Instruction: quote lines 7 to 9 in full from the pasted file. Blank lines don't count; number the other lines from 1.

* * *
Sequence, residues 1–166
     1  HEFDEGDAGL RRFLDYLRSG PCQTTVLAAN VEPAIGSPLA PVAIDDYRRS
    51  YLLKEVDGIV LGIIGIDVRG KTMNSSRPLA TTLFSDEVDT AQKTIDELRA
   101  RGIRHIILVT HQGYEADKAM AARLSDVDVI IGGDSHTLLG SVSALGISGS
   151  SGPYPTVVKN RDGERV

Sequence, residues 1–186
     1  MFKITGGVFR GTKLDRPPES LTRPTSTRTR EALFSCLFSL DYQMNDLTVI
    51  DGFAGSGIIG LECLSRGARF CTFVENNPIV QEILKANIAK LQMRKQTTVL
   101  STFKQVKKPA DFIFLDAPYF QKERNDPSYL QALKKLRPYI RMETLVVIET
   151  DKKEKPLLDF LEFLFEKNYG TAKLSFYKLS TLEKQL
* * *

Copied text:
     1  MFKITGGVFR GTKLDRPPES LTRPTSTRTR EALFSCLFSL DYQMNDLTVI
    51  DGFAGSGIIG LECLSRGARF CTFVENNPIV QEILKANIAK LQMRKQTTVL
   101  STFKQVKKPA DFIFLDAPYF QKERNDPSYL QALKKLRPYI RMETLVVIET